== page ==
You can contact LSAC at 215-968-1001 or visit their LSAC website.

You can take the LSAT up to 3 times in a 2 year period. However, all of your scores will be reported to the schools to which you request reporting. In the event that you take the test multiple times, LSAT advises that schools take the average of your test scores as an indicator of your true ability. Many schools now only consider the higher score, but it is important to know the policy of the schools to which you apply and perform as well as possible on the exam when you take it.   

Practice tests are available free from LSAC. A previous LSAT exam is available in PDF format at the LSAC website.

Register online for the test via the LSAC website 

You may search for an ABA-Approved Law School at LSAC website.

LSAC makes arrangements for test takers than need special accommodations. However, you must submit an Accommodations Request Packet. The website contains information about requesting accommodations and accommodations at ABA-approved law schools.

You must register for the LSAT before submitting your request for accommodation.

You may reach them by phone:  215-968-1001, the LSAC website or by email at


UofSC Law School Resources

The University of South Carolina provides the resources you need to apply for law school.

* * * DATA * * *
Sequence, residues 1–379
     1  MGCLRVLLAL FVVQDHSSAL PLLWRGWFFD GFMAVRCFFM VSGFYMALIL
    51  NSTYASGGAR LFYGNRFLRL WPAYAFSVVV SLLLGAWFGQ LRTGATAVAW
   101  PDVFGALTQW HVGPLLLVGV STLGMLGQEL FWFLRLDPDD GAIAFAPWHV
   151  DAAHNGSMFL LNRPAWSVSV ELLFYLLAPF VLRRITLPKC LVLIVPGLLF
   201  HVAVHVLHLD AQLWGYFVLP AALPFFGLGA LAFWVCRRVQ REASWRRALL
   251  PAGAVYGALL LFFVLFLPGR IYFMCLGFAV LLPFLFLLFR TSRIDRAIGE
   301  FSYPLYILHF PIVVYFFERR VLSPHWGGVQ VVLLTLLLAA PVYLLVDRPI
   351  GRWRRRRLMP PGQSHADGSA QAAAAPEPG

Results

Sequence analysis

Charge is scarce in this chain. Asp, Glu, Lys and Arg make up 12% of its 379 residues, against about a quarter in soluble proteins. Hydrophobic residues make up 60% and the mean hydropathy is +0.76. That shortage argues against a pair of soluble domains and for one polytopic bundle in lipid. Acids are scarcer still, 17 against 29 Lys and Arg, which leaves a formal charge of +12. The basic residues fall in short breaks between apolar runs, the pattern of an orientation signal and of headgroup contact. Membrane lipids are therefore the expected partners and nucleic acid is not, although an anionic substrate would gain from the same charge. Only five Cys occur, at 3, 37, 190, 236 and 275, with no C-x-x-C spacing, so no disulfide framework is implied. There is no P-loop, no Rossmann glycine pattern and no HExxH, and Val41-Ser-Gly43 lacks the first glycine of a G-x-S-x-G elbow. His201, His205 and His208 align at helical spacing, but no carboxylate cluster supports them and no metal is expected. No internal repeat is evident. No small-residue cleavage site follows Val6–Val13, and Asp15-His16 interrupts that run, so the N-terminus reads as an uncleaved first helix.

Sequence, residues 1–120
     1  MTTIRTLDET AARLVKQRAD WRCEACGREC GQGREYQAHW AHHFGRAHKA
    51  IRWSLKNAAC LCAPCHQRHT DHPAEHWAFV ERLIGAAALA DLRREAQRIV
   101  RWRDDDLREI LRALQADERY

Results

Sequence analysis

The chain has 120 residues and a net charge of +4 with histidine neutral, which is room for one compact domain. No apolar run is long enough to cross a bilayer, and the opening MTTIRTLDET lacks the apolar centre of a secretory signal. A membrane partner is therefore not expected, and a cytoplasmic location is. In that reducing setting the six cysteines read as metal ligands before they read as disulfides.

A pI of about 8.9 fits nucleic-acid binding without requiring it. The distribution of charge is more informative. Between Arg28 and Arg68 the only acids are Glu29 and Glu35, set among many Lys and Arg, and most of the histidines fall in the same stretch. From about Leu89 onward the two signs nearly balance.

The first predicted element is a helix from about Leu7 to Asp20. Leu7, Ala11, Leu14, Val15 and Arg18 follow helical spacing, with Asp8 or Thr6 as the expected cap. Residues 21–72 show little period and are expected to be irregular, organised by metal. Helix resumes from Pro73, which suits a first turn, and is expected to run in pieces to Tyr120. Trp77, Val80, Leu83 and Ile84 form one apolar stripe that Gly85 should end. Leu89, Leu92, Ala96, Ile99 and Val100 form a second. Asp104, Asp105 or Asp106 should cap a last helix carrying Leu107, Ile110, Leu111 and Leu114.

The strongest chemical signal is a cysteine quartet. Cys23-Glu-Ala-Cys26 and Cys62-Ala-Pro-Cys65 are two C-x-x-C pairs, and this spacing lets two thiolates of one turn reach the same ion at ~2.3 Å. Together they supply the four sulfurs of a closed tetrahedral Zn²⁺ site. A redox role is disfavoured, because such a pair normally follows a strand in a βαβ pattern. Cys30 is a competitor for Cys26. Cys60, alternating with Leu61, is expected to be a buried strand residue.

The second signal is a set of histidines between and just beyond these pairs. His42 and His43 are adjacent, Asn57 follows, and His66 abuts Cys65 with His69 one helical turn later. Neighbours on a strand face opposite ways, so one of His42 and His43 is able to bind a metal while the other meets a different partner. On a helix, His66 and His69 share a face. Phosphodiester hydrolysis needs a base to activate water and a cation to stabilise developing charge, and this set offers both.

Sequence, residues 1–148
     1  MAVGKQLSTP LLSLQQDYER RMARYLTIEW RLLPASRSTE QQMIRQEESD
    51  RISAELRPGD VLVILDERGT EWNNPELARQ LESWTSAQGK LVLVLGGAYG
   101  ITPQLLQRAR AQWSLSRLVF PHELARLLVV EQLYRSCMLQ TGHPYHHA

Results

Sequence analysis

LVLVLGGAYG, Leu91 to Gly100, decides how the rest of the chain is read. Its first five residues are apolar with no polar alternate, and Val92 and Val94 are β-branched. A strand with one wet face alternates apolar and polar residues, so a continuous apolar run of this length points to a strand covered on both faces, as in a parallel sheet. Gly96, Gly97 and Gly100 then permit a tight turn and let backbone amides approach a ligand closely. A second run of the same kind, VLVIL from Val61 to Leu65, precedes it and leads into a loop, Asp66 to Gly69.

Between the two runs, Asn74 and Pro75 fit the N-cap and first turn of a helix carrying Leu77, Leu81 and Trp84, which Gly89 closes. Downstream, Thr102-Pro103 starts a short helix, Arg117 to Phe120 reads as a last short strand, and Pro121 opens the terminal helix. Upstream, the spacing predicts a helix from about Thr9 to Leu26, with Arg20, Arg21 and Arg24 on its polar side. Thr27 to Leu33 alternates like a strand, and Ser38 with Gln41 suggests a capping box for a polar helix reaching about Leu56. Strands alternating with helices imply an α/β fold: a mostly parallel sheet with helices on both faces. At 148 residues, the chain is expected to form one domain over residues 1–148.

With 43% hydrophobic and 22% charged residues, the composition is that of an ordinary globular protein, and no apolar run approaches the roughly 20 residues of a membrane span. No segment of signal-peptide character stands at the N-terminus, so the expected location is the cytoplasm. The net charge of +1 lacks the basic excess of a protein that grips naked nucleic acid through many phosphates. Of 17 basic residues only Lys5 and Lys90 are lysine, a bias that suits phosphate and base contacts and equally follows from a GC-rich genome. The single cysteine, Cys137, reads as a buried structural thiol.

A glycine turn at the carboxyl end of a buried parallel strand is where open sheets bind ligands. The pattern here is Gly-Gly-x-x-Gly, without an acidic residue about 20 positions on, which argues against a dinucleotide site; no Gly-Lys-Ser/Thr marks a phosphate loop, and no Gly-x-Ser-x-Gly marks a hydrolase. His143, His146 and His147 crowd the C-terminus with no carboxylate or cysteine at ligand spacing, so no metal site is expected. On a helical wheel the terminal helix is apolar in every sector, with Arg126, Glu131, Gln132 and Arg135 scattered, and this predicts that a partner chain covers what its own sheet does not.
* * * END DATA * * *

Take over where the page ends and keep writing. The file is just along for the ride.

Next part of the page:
UofSC School of Law

Open since 1867, UofSC is home to one of the nation's oldest law schools. The UofSC School of Law offers degrees in Juris Doctor (JD); Children's Law, Clinical legal education, legal research, and dual degrees in over 10 programs. Search for your area of interest and learn more.

Apply to School of Law at University of South Carolina

To apply for admission to law school at the University of South Carolina, a candidate must complete an application with a personal statement, resume and submit LSAT scores through the LSAC electronic application service. Take a look at the application requirements, deadlines and learn more about what to do before you apply.

Finance Your Education

Pursuing a law degree can be a wise investment and UofSC's Financial Aid and Scholarship Office is your starting point to learn about scholarships, assistantships, work-study programs, and other forms of financial aid.

Schedule a Visit

The best way to learn about our campus is to see for yourself. Take a quick look around, plan your visit and call the Visitor Center at 800-922-9755 to inquire about available tours. 

Advising for Law school

The Office of Pre-Professional Advising can help you apply for law school by providing advice and assistance with the application and admission process.

Explore Career Options

The Career Center can help you identify full and part-time employment options. The center also hosts career fairs, job shadowing opportunities and offers mock interviewing, counseling, career assessments and workshops.


Preparing for the LSAT is a great first step toward law school and if at any time you have questions or need more information, you can ask an expert.